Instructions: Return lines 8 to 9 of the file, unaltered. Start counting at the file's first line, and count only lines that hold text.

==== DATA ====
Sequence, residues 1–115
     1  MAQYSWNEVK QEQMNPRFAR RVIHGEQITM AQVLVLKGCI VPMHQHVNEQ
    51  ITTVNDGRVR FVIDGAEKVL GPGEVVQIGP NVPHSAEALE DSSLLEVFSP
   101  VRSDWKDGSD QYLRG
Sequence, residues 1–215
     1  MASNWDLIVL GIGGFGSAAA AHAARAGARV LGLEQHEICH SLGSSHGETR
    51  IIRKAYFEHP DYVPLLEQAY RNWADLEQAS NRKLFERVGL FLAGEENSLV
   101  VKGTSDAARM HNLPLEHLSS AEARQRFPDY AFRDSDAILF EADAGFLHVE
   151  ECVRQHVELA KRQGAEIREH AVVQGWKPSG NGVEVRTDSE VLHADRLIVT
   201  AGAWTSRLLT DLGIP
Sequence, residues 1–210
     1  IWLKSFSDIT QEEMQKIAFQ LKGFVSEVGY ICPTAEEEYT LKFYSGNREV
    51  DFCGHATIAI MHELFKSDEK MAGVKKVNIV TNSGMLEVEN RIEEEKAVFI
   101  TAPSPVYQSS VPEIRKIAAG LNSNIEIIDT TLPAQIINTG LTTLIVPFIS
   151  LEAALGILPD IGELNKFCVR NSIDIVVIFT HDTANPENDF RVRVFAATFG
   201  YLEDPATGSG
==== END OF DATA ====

   101  VKGTSDAARM HNLPLEHLSS AEARQRFPDY AFRDSDAILF EADAGFLHVE
   151  ECVRQHVELA KRQGAEIREH AVVQGWKPSG NGVEVRTDSE VLHADRLIVT